Whistler transit needs taxpayer help 

"Minimally acceptable transit" could mean a three per cent property tax increase

There's a gap in transit funding, and it may have to be made up with a property tax increase of three per cent.

That's according to Joe Paul, the municipality's manager of development services, who said at a June 14 transit open house that ensuring dependable, affordable public transit would require council to approve a tax increase that could net the municipality $900,000 in revenue.

Without it, transit will have to be drastically reduced.

"The $900,000 means a three per cent tax increase, over and above anything that's currently being considered," he said in an interview. "I don't honestly know how those taxes work, but that's what I'm told, when the (tax department) told me $900,000 means a three per cent tax increase, I take their word for it."

The open house was held as part of a transit service review being held by the municipality in conjunction with BC Transit.

The review aims to close a major gap in transit funding that's been caused due to significant cost increases associated with new buses; a new transit facility; new contract terms; service expansion; and over-estimated revenue projections.

A cash infusion of up to $900,000 would allow Whistler to reach a "minimally acceptable" service level that would see annual service hours set at approximately 58,600, with a peak fleet of 15 buses.

It would mean keeping the #2 Games Express bus; the #5 Marketplace Shuttle; adding weekend increases to the #1 and #6 routes; and adding flexible winter hours for overloads and spring increases.

BC Transit and the municipality are also considering putting a bus on the highway that would travel from Alpine all the way down to Cheakamus, providing an express route that runs right through town.

The rub is that reaching "minimally acceptable service" would require a tax increase of three per cent on property taxes. "Minimally acceptable service" also means cancelling service into Spring Creek, Blueberry and Alta Lake Road altogether due to low ridership on those routes.

"We looked at what's the best system we could provide, given the existing budget box that we've got," Paul said. "For this year we're fine because we have a bridging strategy in place, but next year it hits the wall, we've only got that much in the budget.

"So there's a few decisions to be made here, do you try to stick with your existing budget, and in 2012, or in November of this coming year, in fiscal year 2012, do you cut it back to a 30,000 service hour system, which we defined as fiscally constrained.

"We wanted to provide council a picture of what that would look like if we didn't ask them to raise taxes in order to fund the transit system."

Keeping funding for transit at its current levels would allow Whistler and BC Transit to operate a system with 30,000 service hours, with a fleet of 13 buses and eight running at peak times. Instead the current level of funding is servicing a system with 74,782 service hours, with 30 total buses and 26 running at peak times.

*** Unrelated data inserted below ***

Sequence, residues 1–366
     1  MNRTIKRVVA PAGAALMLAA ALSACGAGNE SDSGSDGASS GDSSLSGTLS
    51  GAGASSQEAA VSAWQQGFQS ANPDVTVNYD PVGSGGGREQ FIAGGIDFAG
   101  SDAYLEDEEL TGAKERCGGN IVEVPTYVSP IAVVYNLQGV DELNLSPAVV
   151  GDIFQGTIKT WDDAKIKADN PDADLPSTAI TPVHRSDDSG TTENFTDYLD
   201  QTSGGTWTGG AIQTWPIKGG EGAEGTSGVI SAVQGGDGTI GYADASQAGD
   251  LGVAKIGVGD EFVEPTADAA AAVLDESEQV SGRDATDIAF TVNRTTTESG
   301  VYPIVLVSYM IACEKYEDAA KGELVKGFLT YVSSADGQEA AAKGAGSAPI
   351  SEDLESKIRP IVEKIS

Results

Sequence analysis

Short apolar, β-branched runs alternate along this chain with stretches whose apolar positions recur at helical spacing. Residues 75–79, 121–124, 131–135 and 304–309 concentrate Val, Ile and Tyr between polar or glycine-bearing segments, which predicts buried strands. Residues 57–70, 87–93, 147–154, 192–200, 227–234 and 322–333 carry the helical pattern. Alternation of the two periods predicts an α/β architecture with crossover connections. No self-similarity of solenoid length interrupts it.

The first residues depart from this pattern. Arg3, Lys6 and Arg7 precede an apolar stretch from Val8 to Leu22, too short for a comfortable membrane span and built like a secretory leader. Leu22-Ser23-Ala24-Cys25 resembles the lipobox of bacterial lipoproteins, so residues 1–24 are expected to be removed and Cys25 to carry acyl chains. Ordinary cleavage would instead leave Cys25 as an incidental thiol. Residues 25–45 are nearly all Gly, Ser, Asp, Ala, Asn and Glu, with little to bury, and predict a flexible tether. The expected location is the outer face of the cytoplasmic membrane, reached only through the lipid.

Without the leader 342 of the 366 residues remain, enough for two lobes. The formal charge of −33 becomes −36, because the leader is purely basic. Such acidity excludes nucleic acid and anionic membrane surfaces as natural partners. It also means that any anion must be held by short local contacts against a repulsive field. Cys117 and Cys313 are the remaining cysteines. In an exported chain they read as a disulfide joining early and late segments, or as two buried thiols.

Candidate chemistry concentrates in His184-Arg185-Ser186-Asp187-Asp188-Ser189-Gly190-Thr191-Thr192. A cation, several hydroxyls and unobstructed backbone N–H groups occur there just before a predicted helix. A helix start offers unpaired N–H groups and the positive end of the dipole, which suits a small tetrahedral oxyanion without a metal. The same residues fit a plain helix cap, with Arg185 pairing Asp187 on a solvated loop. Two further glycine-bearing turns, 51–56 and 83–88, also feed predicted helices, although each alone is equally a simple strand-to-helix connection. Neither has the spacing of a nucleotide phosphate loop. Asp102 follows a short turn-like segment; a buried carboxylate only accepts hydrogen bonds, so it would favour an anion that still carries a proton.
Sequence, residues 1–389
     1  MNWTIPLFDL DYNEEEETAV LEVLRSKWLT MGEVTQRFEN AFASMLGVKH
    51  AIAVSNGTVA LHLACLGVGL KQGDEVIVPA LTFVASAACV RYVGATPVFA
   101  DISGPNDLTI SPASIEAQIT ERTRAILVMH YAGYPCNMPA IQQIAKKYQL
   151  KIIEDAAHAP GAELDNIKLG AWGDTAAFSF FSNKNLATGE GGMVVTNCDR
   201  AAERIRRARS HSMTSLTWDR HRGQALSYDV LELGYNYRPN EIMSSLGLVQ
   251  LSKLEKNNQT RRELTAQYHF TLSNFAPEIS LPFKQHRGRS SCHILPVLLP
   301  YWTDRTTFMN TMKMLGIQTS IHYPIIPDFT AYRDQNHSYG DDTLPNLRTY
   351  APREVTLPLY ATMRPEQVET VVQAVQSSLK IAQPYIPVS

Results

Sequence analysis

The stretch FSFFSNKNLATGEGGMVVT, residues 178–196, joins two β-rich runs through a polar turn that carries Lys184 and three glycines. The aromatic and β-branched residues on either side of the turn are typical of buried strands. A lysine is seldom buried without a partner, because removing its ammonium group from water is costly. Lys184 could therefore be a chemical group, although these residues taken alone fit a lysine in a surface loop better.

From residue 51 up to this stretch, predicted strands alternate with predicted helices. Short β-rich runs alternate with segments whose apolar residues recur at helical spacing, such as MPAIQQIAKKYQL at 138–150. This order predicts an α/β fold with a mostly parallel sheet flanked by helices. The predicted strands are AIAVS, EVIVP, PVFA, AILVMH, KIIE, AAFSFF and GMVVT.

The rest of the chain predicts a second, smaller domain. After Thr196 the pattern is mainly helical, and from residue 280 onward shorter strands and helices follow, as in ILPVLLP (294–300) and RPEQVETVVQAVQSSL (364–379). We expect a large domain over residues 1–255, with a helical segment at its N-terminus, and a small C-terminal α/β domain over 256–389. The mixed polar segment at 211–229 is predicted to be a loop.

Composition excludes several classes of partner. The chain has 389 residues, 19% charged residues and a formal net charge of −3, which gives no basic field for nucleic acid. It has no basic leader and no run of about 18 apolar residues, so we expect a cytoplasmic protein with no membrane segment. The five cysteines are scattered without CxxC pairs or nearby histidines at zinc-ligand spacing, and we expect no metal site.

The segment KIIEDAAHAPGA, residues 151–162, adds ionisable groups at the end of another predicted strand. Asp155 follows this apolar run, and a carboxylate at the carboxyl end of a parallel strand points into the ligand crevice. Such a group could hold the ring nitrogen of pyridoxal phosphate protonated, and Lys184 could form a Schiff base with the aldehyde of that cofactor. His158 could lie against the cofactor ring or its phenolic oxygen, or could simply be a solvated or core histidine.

Ramping transit down to 30,000 service hours would bring buses down to a level previously seen in Whistler in 1999, according to Graeme Masterton, director of planning with BC Transit.

"You'd have three to four routes, a half hour service on most of them at best, maybe hourly, with one main route that has 20 to 30 minute service," he said in an interview. "It would be challenging."

Steve Anderson, an Alta Vista resident who attended the open house, said he's in favour of plans to cut service to routes that aren't used very often and to have a bus that traverses the highway right through town.

"I had been told that 85 per cent of the seats are empty, so I think there's a lot of room to cut it," he said. "I really think it should be, just the way the valley's laid out, it's a linear service, staying out of the neighbourhoods, just going up and down the valley, and I would use that."

A tax increase to fund transit is by no means a done deal in Whistler. Such an increase would have to be approved by council, which would first have to be provided with a recommendation from staff that shows both a transit system and how a tax increase would help.

Municipal staff are expected to report to council on August 23 with a transit system configuration that includes the Whistler Transit System Service review, public comments from the open house as well as feedback provided online, a transit system financial audit and review of the transit facility.

Members of the public who did not attend the open house can submit comments online at whistler.ca, where they can find documents that outline possible route changes and various other measures that both the municipality and BC Transit are taking in order to maintain public transit.

Comment forms will be accepted through to July 8.

 

 

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